How old is the earth really?

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How old is the earth really?

Postby Ilikeponies on December 7th, 2014, 6:55 pm 

Different sources say it's different ages,how can we tell which source is the most reliable?
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Re: How old is the earth really?

Postby Braininvat on December 7th, 2014, 7:50 pm 

http://en.m.wikipedia.org/wiki/Age_of_the_Earth

You ask good questions, Philohippus. I often find wiki articles to be spotty and gap-filled, but the one on this subject is clear and to the point. Basically, you want sources that take into account radiometric dating of earth and moon rocks and meteorites, and see how that jibes with astrophysical data about the life cycles of stars like our sun and its possible age. Generally, scientists have landed around the 4.5 billion year mark. If you are coming across a different figure, I am interested in what the source was.
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Re: How old is the earth really?

Postby Ilikeponies on December 7th, 2014, 8:26 pm 

Braininvat » December 7th, 2014, 6:50 pm wrote:http://en.m.wikipedia.org/wiki/Age_of_the_Earth

You ask good questions, Philohippus. I often find wiki articles to be spotty and gap-filled, but the one on this subject is clear and to the point. Basically, you want sources that take into account radiometric dating of earth and moon rocks and meteorites, and see how that jibes with astrophysical data about the life cycles of stars like our sun and its possible age. Generally, scientists have landed around the 4.5 billion year mark. If you are coming across a different figure, I am interested in what the source was.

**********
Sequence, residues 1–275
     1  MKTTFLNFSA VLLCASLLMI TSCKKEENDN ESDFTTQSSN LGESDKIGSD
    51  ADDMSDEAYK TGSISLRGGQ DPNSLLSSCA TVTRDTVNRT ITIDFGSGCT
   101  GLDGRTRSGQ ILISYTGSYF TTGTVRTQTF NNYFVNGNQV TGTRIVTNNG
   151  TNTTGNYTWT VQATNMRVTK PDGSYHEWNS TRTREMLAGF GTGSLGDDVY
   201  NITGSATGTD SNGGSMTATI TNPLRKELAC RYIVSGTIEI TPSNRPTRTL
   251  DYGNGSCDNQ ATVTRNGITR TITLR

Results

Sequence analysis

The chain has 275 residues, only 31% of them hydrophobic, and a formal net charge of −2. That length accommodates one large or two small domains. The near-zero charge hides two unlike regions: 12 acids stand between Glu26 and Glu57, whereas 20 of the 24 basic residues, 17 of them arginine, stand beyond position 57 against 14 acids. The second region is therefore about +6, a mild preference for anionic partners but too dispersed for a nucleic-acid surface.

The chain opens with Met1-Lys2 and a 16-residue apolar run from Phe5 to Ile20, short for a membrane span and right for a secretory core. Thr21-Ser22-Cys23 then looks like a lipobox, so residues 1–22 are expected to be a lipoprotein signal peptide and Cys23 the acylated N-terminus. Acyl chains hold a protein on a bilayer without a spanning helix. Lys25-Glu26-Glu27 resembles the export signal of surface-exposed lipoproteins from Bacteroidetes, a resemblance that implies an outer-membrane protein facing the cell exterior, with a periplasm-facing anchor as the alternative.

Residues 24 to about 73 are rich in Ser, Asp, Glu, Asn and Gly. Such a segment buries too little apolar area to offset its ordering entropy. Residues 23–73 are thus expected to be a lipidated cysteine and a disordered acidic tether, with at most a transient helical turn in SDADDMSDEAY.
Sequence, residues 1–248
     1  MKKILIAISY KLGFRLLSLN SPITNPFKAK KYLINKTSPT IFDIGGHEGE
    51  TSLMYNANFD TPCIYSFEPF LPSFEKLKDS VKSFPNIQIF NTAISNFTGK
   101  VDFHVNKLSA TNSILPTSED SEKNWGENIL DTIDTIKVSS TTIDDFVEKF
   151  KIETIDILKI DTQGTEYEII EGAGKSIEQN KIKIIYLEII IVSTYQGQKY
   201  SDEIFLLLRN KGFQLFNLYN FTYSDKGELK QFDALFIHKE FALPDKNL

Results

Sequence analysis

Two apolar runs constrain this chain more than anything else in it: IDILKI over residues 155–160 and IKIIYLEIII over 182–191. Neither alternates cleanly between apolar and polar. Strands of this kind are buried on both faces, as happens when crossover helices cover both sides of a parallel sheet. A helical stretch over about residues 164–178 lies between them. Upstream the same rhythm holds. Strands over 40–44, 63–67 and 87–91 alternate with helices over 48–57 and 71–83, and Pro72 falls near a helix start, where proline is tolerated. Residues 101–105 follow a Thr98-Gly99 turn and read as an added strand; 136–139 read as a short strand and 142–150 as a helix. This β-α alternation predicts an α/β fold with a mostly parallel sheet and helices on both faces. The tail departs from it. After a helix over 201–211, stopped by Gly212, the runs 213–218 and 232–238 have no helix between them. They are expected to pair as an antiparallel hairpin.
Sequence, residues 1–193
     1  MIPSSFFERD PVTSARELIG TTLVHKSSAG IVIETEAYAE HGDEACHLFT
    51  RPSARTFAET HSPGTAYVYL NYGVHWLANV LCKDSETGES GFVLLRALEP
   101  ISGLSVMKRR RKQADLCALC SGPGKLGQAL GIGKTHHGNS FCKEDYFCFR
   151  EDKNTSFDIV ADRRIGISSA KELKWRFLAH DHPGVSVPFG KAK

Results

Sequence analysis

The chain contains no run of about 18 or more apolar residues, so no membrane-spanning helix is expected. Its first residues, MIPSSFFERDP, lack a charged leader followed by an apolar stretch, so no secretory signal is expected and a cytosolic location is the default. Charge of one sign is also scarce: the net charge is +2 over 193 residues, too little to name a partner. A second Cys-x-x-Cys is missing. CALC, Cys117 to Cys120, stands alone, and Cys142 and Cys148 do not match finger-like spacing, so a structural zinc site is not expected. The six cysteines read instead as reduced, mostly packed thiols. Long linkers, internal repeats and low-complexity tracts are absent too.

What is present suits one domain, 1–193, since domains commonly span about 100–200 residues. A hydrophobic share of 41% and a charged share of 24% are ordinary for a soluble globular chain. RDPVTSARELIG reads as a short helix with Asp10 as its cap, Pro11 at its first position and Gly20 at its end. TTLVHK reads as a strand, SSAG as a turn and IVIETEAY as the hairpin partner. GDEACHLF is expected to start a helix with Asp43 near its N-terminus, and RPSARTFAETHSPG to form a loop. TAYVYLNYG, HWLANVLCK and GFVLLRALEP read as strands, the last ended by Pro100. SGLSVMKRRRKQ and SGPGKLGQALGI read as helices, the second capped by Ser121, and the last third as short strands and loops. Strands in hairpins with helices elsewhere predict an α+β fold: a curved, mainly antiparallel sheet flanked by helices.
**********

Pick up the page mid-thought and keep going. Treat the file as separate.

Well,this article is the one that really makes me wonder: http://www.liveleak.com/view?i=f17_1268172473
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Re: How old is the earth really?

Postby Watson on December 7th, 2014, 10:23 pm 

I think the article is saying the coal is not as old as previously represented. It doesn't say anything about the age of the earth on which the coal is found. I do except the coal and other hydro-carbons are not as old or scarce as the oil industry would have us believe.
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Re: How old is the earth really?

Postby BurtJordaan on December 8th, 2014, 3:49 am 

Ilikeponies » 08 Dec 2014, 02:26 wrote:Well,this article is the one that really makes me wonder: http://www.liveleak.com/view?i=f17_1268172473

This seems to be one of many Young-Earth-Creationist misinformed articles.

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Re: How old is the earth really?

Postby mtbturtle on December 8th, 2014, 8:15 am 

troll
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Re: How old is the earth really?

Postby Braininvat on December 8th, 2014, 2:05 pm 

Well, I hope he/she is as open to scientific evidence as he/she is to ponies.
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Re: How old is the earth really?

Postby Dave_Oblad on December 8th, 2014, 4:48 pm 

Hi all,

My Boss had a bunch of Degrees in Engineering, Math and a PHD in something.. etc. But is still a Young Earth Creationist. He thinks the Universe is about 7,500 years old. In a few debates I've had with him, he refuses to let facts get in the way of his Faith.